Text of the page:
Pounds of pressure into the natural gas
The fine grained sand, after processing in the Midwest, is shipped via rail to the petroleum fields (mainly owned by a handful of transnational energy conglomerates) around the United States, where it is mixed with billions of gallons of water and an extremely toxic cocktail of known carcinogenic chemical compounds. The resulting slurry, called “slickwater,” is pumped underground as deep as four miles, under many thousands of pounds of pressure into the natural gas and crude oil containing rock to break open the ancient slate seams in long horizontal planes.
The trainloads of sand departing Wisconsin day and night, known in the industry as “proppants,” are used to “prop” and hold open the countless webs of slate rock fractures in order for the gas and oil to be pumped to the surface. Last year, as many as 9,000 truckloads of silica sand are estimated to have departed Wisconsin in a single day from the dozens of existing mining and processing facilities. According to the Wisconsin Center of Investigative Journalism, the state is on track to export some 50 million tons of frac sand annually. A single fracturing of a petroleum well will consume as much as 10,000 tons of silica material.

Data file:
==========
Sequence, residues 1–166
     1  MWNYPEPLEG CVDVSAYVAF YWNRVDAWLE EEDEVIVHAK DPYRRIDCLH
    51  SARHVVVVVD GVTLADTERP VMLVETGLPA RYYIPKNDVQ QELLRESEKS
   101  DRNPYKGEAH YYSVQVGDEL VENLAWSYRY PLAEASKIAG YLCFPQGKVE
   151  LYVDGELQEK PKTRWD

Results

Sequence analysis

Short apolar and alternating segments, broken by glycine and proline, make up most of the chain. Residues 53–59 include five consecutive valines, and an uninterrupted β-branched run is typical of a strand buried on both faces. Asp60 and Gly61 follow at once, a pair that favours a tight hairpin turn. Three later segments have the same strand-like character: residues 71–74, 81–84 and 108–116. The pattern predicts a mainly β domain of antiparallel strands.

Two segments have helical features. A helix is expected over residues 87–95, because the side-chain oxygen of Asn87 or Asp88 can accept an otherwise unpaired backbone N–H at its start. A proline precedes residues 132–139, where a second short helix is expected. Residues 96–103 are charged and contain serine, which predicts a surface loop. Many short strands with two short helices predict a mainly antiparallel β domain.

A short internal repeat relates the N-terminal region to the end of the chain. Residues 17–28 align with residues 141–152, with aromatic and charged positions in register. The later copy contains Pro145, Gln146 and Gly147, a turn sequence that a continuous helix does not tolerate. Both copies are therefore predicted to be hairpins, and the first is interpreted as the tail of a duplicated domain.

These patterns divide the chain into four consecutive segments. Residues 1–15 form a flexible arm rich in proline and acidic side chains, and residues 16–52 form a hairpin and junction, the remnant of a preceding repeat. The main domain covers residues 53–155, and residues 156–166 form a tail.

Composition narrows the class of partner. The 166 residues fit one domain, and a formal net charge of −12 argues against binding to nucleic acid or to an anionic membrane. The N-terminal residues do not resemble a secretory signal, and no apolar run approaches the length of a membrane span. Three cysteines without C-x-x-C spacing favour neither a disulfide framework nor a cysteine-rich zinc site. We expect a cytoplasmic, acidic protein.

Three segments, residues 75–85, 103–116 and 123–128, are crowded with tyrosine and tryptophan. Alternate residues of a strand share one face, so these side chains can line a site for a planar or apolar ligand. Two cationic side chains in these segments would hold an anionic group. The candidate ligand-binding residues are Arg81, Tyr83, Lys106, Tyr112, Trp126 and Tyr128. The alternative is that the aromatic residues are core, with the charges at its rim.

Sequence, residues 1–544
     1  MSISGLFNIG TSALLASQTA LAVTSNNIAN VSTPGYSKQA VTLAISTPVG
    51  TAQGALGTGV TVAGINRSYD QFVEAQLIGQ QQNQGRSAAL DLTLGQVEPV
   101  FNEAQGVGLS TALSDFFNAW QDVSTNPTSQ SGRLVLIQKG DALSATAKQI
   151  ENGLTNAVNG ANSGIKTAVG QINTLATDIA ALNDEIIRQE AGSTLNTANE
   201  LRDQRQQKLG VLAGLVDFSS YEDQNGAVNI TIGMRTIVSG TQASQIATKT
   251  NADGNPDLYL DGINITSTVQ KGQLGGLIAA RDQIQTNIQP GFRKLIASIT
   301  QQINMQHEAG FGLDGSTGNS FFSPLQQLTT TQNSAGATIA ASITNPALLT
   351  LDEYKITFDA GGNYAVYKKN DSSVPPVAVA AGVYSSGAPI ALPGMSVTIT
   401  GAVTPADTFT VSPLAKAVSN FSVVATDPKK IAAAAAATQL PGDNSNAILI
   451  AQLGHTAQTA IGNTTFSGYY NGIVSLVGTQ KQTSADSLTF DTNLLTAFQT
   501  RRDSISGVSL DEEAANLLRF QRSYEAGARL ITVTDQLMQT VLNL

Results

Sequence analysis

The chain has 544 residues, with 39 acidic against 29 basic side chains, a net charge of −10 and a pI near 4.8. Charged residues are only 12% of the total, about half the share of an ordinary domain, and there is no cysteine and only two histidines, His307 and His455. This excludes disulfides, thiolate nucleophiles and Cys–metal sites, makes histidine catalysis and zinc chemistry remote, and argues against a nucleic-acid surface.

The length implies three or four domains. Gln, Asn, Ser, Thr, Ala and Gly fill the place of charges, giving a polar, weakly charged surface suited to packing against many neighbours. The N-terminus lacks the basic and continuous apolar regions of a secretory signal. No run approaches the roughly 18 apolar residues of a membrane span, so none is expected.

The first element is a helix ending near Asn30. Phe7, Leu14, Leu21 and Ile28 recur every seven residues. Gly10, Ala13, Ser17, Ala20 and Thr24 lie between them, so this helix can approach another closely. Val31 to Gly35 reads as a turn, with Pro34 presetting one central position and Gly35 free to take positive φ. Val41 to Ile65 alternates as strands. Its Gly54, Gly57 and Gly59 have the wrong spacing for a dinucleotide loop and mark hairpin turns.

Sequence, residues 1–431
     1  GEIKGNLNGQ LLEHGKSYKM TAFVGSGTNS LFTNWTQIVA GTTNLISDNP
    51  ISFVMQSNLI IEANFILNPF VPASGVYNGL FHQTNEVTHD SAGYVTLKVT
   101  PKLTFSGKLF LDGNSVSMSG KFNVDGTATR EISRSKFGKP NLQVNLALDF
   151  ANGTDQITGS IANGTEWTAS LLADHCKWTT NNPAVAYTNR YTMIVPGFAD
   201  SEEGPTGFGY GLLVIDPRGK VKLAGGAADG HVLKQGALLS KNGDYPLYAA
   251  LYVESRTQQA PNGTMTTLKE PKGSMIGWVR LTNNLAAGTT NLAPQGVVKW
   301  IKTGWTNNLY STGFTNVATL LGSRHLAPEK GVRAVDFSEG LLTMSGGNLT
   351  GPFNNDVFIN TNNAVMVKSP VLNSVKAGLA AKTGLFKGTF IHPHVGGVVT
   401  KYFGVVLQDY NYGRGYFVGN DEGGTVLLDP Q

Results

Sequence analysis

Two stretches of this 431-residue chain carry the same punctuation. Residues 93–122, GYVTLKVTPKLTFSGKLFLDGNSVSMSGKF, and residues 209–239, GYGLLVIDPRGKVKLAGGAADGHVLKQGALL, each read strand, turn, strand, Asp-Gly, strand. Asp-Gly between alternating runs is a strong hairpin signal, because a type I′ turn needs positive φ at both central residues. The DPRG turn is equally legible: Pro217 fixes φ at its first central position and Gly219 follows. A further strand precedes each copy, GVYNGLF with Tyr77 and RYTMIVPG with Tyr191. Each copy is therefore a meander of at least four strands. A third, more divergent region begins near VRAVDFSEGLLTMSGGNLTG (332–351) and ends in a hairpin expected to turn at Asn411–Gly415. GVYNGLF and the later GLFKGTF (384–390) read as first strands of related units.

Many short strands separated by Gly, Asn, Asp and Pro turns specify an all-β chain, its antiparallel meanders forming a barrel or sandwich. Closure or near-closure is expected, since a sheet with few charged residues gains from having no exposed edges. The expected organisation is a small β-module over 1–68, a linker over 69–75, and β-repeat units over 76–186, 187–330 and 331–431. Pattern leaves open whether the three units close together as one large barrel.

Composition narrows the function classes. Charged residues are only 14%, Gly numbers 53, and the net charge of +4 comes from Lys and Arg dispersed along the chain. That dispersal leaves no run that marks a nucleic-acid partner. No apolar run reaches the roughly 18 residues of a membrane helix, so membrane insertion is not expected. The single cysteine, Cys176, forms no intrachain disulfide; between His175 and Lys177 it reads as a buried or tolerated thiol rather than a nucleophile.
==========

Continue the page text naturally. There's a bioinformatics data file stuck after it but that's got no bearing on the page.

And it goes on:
As geologic history and fate would have it, about 500 million years ago, during the Cambrian and Ordovician periods, much of North America and Wisconsin sat in the tropics, tilted astride its tectonic plate, 10 degrees south of the equator. For about 100 million years, the earth’s seas rose and receded in three periods, depositing in succession the Jordan, Wonewoc, and St. Peter’s layers of today’s central and northwestern Wisconsin and eastern Minnesota’s swath of pre-historic silica sand.
In a National Geographic online article published July 2013, author Sally Younger notes that a United States Treasury Department mineral agent named David Owen and about 100 assistants were dispatched to the Midwest in 1847, one year before Wisconsin was admitted as a state. They reported their findings regarding generous deposits of copper, zinc, lead and “amphitheatres of sand,” the formations of which “are like almost nowhere else on earth.”